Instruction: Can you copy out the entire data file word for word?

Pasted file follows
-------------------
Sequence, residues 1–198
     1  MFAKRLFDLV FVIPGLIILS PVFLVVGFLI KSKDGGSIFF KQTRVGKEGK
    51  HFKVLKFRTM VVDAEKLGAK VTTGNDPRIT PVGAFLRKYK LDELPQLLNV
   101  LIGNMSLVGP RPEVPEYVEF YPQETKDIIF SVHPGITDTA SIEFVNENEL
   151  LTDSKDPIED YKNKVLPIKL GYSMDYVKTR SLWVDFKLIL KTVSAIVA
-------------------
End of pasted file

Sequence, residues 1–198
     1  MFAKRLFDLV FVIPGLIILS PVFLVVGFLI KSKDGGSIFF KQTRVGKEGK
    51  HFKVLKFRTM VVDAEKLGAK VTTGNDPRIT PVGAFLRKYK LDELPQLLNV
   101  LIGNMSLVGP RPEVPEYVEF YPQETKDIIF SVHPGITDTA SIEFVNENEL
   151  LTDSKDPIED YKNKVLPIKL GYSMDYVKTR SLWVDFKLIL KTVSAIVA